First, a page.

Glen-L Design

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Glen-L 14 by Bill Dezen, Penfield, NY

Attached is a photo taken this summer of my Glen-L 14 that I completed over the past 5 years. It was great building it and it is also great sailing it. We sail in Canandaigua Lake and motor on the Erie Canal here in Western New York. sincerely, Bill Dezen Penfield, NY

Glen-L 14 by Mark Park, North Wilkesboro, NC

May 6, 2008 I\'ve been working on my GL-14 with my two daughters for over a year now. We did make the frames but I can not find the images from that stage.

Glen-L 15 by Mike Flynn

Darla: I finished and launched \"My Own Hands\" in late September. Now that the ice and snow is here, I have put her safely away and have some time to send out pictures. It was a challenging labor of love. There were times when I thought I had made too many mistakes to cover, that it would never float let alone sail. I was wrong. She sails beautifully--especially when I put a knowledgeable sailor at the helm! Thanks for your support and the support of the Glen-L staff during the process. Sincerely, Mike Flynn

Glen-L 19 by Charlie Man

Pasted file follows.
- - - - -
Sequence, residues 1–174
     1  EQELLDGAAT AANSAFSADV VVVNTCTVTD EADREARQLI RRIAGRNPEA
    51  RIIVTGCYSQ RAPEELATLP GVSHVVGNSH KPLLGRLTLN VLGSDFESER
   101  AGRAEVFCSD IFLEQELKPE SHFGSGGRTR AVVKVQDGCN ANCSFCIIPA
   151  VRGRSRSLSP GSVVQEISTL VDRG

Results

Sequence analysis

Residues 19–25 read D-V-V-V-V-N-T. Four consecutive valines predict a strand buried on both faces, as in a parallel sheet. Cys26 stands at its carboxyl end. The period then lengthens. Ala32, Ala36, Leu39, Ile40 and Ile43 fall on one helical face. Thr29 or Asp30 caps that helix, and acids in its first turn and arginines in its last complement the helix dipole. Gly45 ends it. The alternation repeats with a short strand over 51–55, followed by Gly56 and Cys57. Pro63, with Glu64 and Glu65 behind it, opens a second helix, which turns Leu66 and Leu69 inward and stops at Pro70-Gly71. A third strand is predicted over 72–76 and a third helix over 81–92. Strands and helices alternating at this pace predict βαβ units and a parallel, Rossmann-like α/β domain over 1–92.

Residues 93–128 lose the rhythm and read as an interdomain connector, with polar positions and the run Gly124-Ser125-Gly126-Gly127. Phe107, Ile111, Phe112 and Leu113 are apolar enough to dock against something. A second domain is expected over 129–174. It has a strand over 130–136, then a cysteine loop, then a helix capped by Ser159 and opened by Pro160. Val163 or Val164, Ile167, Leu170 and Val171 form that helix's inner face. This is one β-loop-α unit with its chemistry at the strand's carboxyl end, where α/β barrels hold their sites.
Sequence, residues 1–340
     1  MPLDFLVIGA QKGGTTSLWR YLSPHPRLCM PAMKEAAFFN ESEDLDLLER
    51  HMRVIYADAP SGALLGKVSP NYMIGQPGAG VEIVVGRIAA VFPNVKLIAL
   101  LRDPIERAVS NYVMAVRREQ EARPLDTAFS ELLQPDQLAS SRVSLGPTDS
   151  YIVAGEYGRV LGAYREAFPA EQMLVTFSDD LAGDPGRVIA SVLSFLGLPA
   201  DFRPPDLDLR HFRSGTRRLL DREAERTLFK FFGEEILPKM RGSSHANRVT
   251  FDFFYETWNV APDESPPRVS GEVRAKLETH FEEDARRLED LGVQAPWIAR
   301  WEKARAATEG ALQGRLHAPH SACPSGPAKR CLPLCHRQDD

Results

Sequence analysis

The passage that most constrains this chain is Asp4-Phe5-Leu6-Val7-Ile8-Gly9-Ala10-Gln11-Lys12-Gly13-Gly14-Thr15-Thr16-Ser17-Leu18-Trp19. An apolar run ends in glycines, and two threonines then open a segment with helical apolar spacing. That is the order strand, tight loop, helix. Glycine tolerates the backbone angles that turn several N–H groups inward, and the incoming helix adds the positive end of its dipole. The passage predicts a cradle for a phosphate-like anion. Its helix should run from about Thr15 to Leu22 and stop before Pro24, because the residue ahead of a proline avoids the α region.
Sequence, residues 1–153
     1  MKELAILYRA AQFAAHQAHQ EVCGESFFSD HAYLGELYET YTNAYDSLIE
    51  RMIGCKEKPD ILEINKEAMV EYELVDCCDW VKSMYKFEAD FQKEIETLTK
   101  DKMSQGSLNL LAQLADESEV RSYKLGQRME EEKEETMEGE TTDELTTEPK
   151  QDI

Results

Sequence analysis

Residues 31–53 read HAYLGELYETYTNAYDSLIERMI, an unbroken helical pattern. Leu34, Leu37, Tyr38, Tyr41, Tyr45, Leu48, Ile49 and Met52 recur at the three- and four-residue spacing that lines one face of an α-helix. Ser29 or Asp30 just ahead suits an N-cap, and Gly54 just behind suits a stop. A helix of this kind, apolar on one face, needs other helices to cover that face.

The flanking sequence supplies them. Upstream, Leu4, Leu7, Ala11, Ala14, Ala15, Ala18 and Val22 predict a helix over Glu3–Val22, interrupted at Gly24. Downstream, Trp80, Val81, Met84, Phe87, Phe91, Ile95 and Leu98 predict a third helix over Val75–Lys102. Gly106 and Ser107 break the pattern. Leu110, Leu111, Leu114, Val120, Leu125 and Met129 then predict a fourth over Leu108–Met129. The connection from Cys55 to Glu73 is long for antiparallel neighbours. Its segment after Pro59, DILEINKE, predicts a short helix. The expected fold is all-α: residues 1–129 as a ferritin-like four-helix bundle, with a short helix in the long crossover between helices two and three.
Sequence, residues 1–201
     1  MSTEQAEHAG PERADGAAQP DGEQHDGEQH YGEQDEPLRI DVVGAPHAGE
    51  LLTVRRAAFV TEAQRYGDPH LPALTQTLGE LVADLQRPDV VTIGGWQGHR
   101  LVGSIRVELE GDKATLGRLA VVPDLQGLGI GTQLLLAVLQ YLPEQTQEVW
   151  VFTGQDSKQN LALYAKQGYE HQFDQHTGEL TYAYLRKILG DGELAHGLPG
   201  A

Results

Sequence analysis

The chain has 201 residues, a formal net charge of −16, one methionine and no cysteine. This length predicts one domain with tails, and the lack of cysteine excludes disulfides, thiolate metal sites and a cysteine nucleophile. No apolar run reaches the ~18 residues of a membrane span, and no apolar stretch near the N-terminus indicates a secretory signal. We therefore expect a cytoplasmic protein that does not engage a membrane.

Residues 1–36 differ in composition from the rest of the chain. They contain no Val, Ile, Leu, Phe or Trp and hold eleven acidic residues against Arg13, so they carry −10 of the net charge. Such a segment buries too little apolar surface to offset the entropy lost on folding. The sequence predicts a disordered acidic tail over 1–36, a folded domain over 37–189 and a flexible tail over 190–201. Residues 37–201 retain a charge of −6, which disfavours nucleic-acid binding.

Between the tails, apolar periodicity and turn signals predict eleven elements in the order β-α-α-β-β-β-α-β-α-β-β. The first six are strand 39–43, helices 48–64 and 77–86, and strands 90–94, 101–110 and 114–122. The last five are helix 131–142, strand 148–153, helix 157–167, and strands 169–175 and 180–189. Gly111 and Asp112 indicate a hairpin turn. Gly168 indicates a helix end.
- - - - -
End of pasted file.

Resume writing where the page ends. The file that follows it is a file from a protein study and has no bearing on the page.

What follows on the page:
I have always liked the double ended boats, maybe that was because my peapod was double ended. But there is a problem with these boats, small double ended boats didn\'t have a lot of comfort space. My wife didn\'t like to go out in the peapod because there wasn\'t any room to sit. I liked gaff rigged boats because of the larger sail area with lower center of effort, but they do have the greater weight up on the mast due to the gaff. The boat I was looking for had to be trailerable and be capable of sailing in shallow water, so a fixed keel boat was out. I guess I just wanted a plain ole\' sloop rigged sailboat. I found one (the Glen-L 19) in Texas. It was a salty looking thing and I thought it would serve my needs as a project boat and sail thing. I bought the boat from a man in Texas in 2004 and have steadily redone much of the boat. I think I saved this Glen L 19 from a chain saw. My wife insists that is all anybody else would have done with it. The boat had a rotten roof, a rotten deck on my initial inspection, but the big surprise was yet to come. It also had a rotten swing keel trunk. Although I didn\'t notice this when I bought it. Note: Double your efforts to find problems when there is water in the boat. I have some tips for boat builders: Do not use plain steel screws! It does not matter that the hull is covered on the outside with fiberglass and resin. Water gets on the inside from rain and condensation. Even Maranti plywood will rot with nail sickness; so does Cyprus. I think the Glen L 19 is a good sailing boat. It sails well into the wind and has enough mass to make turns into the wind without backwinding the jib, something a good Hobby Cat friend insists on doing, which reduces progress by over correcting for a problem that doesn\'t exist . The 19 has almost cavernous interior, as long as you are 4\' tall, just sit there. The lack of the mast through the roof and the flat floor only adds to the roominess. I have noted that there is only one other Glen L 19 in the archives. That is surprising in that it is one of the largest boats that can be trailered and sailed easily single handed. Sometimes I just can\'t get a crew together to sail. I have attached a couple of pictures of the craft and would like to hear from others that have built Glen L 19. (See Project Registry for contact information.)


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